[6] The evidence was properly stricken since it lacked at least two of the essential requirements. It did not relate to the main event, but to another event, and in fact, was not offered to establish any of the circumstances of the occurrence at which it was made, that is, the scene of the plaintiff's accident, but was offered as proof that a similar accident had occurred previously; and the statement was not made by one who was shown to have witnessed the accident

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about which the statement was made. It is easy to see why evidence such as this does not come within the exception. The fact that a witness at the scene of the plaintiff's accident remarked that another anesthetist had been injured in the same way does not tend to establish the fact, since the witness would be likely to make such an utterance if he had heard of a previous accident, even though he had not seen it.

[7] Even though the evidence had been admissible, the striking of the testimony in this case would not constitute reversible error. The fact that another similar accident had occurred was established by other testimony and was not seriously disputed by the defendant. The remark overheard by the plaintiff added nothing to this evidence, and she could not possibly have been prejudiced by the exclusion of her testimony regarding it.

Error is assigned to three rulings of the trial court limiting the plaintiff's cross-examination of one of the defendant's witnesses. An objection to the first of these questions was sustained on the ground that it called for a conclusion of the witness, and objections to the other questions were sustained for the reasons that they were immaterial and beyond the scope of the direct examination. The plaintiff does not deny that the first question called for a conclusion and that the other two were outside the scope of the direct examination, but simply states that under the allegations of the complaint, she had a right to elicit answers to the questions. She cites no authority in support of her contention, and has failed to point out wherein the rulings were erroneous.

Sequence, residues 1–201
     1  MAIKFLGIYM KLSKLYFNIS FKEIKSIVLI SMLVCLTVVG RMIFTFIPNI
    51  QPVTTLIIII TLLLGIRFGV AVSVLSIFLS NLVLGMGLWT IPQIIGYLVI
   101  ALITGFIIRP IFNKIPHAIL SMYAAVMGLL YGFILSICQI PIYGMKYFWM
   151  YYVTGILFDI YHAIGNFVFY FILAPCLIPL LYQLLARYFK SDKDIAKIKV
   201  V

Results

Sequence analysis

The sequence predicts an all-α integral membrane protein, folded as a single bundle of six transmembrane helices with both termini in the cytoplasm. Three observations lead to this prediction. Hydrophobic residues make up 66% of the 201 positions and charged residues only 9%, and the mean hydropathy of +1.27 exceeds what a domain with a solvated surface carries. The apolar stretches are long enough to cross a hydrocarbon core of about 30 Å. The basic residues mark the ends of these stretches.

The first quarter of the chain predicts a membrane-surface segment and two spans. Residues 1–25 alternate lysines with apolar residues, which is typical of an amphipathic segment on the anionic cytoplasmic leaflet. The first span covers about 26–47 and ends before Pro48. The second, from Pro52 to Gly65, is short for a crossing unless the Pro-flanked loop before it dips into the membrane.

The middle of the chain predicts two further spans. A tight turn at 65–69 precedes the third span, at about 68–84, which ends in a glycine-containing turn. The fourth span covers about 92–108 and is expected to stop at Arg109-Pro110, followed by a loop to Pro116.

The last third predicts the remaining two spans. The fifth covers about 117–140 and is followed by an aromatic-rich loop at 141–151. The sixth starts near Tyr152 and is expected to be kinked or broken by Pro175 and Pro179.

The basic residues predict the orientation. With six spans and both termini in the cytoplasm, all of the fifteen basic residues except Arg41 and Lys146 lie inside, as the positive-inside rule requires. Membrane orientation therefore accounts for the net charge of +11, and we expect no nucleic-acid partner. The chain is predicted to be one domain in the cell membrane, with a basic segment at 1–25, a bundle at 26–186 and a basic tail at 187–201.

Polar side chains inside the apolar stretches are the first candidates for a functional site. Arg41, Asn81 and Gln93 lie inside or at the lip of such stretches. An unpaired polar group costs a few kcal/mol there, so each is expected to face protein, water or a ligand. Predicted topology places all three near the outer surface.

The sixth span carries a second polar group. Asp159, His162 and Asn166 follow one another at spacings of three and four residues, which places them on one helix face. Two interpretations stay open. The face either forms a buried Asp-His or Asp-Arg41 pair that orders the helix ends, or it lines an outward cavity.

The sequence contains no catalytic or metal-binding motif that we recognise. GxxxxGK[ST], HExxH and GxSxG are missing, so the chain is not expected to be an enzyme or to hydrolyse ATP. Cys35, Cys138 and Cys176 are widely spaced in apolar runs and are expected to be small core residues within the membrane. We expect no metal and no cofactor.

[8, 9] In ruling upon questions during the examination of witnesses, and more particularly the cross-examination, the trial court has considerable latitude, and its rulings will not be held to be reversible error unless it appears that they are clearly erroneous and, generally speaking, prejudicial. Miller v. Edwards, 25 Wn. (2d) 635, 171 P. (2d) 821. The rulings of the court in this instance are not patently erroneous, and if they were improper or prejudicial, the argument of the plaintiff is insufficient to bring such defect to

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the attention of the court. Consequently, they do not afford grounds for reversal.

[10] The plaintiff complains of an instruction wherein the court advised the jury that testimony of a witness that she had told the manager of the hospital that it was dangerous to roll the machine down the ramp, should be considered solely for the purpose of showing notice. The testimony, of course, was not competent to show that the danger existed, and the court properly advised the jury of the limited purpose for which it was admitted.

[11, 12] Likewise, it was not error for the court to refuse an instruction regarding the duty of an employer to hire an adequate number of competent employees, as the breach of such a duty was not alleged nor was there any evidence of a failure of this kind on the part of the defendant. The refusal of another instruction on the duty of care, to which error is assigned, was without prejudice to the plaintiff, as the substance of the instruction was contained in a similar instruction requested by the plaintiff and given by the court.

We find no error and the judgment entered upon the verdict is affirmed.

WEAVER, C. J., MALLERY, HILL, and OTT, JJ., concur.